After two years of decline, Boston’s property tax rolls are growing modestly, a boost driven largely by new construction and commercial properties previously exempt from taxes, according to an analysis released Tuesday by a municipal watchdog.
The report by the Boston Municipal Research Bureau attributed much of the increase to a new office tower along the Rose Fitzgerald Kennedy Greenway, expiration of a tax break for the Westin Hotel at the Boston Convention & Exhibition Center, and the sale of two Catholic hospitals to a for-profit company.
The analysis also painted Boston as a city with a strong housing stock where properties have held value better than other parts of the country still struggling after the recession. Overall, it was an optimistic appraisal of the city’s fiscal health.
“It’s a good sign for Boston’s economy,’’ said Councilor Mark Ciommo of Brighton, chairman of the council’s Ways and Means Committee. “It’s interesting that commercial [property] has surged a little more. That’s a good indicator.’’
The analysis used data from tax bills that went out in December, based on property assessment values of Jan. 1, 2011. The report is a look back at Boston’s property values over the past year, but it can also be a sign of what may be on the horizon.
In April 2012, sales of detached single-family homes in the Boston area increased 11 percent from the previous year, according to Gregory Vasil, chief executive of the Greater Boston Real Estate Board.
“The closer you are to the city, the hotter the market is,’’ Vasil said Tuesday. “On the residential side, we are seeing healthy signs because Boston is still a desirable place to be.’’
The tax bill for the average single-family home in Boston rose for the third straight year to $3,305, increasing by $150, or 4.8 percent. In the metropolitan area, however, the average Boston homeowner will pay significantly less than their suburban neighbors, according to the research bureau analysis.
Among the 19 surrounding cities and towns, Boston had the third-lowest tax bill for the average owner of a single-family home, with only Everett ($2,788) and Chelsea ($2,123) ranking lower. The municipalities with the highest average tax bill for single-family homes were Brookline ($13,029) Wellesley ($11,860), and Wayland ($11,279), said the report. Larger tax bill can also reflect the higher cost of real estate in some communities.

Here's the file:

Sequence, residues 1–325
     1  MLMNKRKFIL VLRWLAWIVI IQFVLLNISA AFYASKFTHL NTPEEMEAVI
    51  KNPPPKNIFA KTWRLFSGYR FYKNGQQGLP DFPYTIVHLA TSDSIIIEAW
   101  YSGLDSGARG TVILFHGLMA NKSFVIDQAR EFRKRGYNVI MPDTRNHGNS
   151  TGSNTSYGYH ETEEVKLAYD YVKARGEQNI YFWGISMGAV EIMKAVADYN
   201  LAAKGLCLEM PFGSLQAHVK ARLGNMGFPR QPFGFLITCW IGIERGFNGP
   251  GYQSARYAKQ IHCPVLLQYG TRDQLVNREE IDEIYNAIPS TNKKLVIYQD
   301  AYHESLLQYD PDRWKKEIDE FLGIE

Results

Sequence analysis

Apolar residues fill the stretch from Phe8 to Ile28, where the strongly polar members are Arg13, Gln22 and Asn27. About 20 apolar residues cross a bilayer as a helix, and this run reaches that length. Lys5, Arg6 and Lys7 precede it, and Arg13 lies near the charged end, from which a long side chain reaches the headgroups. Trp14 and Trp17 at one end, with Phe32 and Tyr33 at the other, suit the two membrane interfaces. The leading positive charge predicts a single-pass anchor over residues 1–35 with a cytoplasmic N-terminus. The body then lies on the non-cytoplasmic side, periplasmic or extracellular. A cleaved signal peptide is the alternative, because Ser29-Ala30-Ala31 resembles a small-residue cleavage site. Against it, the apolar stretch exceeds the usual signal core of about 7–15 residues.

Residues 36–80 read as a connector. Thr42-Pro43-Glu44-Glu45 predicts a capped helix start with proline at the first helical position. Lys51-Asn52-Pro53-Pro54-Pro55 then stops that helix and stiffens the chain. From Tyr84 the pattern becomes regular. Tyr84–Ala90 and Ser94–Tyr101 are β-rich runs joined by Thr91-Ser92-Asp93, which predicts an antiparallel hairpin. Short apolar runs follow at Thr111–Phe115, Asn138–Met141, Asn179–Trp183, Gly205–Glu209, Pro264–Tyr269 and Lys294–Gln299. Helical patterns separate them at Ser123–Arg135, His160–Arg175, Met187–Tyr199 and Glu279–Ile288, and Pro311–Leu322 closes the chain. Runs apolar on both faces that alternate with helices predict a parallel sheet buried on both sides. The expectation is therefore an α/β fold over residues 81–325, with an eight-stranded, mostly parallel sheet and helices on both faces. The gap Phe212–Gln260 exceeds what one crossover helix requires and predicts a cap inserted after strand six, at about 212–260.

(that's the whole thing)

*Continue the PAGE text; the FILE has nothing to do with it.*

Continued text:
The research bureau determined that 770 new condominiums have been added to the tax rolls. But the value of condos increased by less than 1 percent, representing the slowest growth in a decade.
The value of business properties in Boston increased for the first time since the fiscal year that ended in June 2009. A significant share of the new revenue will be paid by Steward Health Care System, which purchased Carney Hospital in Dorchester and St. Elizabeth’s Medical Center in Brighton. Because Steward is a for-profit company, it must pay $287.3 million in property taxes for the hospitals, which were exempt when owned by the Catholic Archdiocese of Boston, said the report.
The value of office towers increased slightly in the last year, but it came with an interesting twist. The downtown Financial District remains home to the city’s largest cluster of office towers, but property there dipped in value for the third straight year because of a vacancy rate of almost 20 percent.
But the value of office towers soared in the Back Bay by $99 million, or nearly 4 percent. That reflects a vacancy rate of barely 6 percent.
The increase in the value of business and residential properties may be modest in comparison to previous booms, when growth hit 15 to 20 percent. But it is still important, said Ronald W. Rakow, the city’s assessor.
“It speaks to the fiscal stability of Boston and our tax base being healthy,’’ Rakow said. “We still rely on the property tax for two-thirds of our revenue.’’